Tempers flare. Bump into the wrong person, and you might just spark a wildfire.

So that’s where we are right now in summer. I’ve got my flipflops and my heels, but then I saw a photo my spectacularly fashionable stylist friend Jennifer of Pretty Things Styling posted online where she’s wearing these quirkly little sneakers — a phrase I never in a million years thought I’d think, let alone write. But there they were — a light beige, chic AF, with a little O on the side. ARO — for those who are interested.

Jennifer Nataf of Pretty Things Styling

This was a new feeling for me. I had never in my life — at least not in THIS version of my life — taken a second look at a pair of sneakers. But there they were. Legit adorable.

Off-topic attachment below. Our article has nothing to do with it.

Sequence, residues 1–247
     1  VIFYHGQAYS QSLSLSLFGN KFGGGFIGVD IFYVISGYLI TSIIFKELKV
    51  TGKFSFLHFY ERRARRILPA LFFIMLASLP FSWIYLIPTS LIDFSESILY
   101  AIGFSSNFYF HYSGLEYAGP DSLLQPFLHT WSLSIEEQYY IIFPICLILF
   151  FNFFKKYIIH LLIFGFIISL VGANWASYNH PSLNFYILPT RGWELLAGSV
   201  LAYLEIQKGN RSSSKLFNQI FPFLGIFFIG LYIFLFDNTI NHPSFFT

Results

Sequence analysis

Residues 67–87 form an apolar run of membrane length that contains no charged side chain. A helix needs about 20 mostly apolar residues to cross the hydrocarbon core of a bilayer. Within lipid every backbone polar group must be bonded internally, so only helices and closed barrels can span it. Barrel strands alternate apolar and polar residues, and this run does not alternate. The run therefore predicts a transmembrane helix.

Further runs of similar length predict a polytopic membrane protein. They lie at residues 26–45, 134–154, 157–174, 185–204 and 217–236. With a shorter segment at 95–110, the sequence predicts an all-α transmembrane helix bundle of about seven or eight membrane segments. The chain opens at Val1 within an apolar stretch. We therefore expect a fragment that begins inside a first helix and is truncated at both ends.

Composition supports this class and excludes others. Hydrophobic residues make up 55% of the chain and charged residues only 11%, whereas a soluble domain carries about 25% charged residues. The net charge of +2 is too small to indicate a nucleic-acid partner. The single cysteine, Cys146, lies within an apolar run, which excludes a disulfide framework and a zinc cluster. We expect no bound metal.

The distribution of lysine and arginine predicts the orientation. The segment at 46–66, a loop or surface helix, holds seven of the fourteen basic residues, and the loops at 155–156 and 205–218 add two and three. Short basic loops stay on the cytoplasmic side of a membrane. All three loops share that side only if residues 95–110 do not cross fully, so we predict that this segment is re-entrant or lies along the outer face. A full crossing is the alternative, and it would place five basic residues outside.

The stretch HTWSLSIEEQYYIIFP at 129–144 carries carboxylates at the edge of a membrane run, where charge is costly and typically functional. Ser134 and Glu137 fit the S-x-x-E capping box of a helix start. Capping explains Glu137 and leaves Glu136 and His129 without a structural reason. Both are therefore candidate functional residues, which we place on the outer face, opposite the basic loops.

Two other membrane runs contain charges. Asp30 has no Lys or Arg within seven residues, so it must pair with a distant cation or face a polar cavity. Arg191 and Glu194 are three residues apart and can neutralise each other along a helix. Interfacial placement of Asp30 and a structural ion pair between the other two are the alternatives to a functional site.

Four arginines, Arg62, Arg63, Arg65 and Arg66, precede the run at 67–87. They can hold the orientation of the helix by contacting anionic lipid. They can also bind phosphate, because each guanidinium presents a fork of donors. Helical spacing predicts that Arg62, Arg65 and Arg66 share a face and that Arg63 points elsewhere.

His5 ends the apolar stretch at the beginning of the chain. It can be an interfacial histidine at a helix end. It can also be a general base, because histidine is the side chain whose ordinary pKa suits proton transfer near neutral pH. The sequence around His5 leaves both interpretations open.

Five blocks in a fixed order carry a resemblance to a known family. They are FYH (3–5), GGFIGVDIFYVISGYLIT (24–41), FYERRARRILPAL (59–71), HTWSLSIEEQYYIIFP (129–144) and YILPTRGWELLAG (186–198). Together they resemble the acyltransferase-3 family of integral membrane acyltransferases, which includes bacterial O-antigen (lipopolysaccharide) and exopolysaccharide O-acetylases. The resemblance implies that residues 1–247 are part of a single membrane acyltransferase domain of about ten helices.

So, then I did something ELSE I don’t think I have done in this version of my life: I looked down at my feet, which, truth be told, WERE a little tired from frolicking around the Old City in my strappy sandals. I thought about all the living I had put them through — the walks in the fields I used to take when I lived outside of Jerusalem, the barbed wire fences I’ve climbed, the roofs I’ve walked across, the waves that have crashed over them. I thought about the weight I’ve carried in my arms — the people I’ve loved, the people I’ve lost, the babies I’ve grown and physically carried, the steps I’ve taken from one life to the next.

I thought about the exquisite highs I’ve seen while soaring from the top of tall mountains. And I thought about the devastating lows that almost buried me forever in their gruesome cemeteries.

Maybe my feet need a break after all. And maybe these sneakers will help me find the middle road.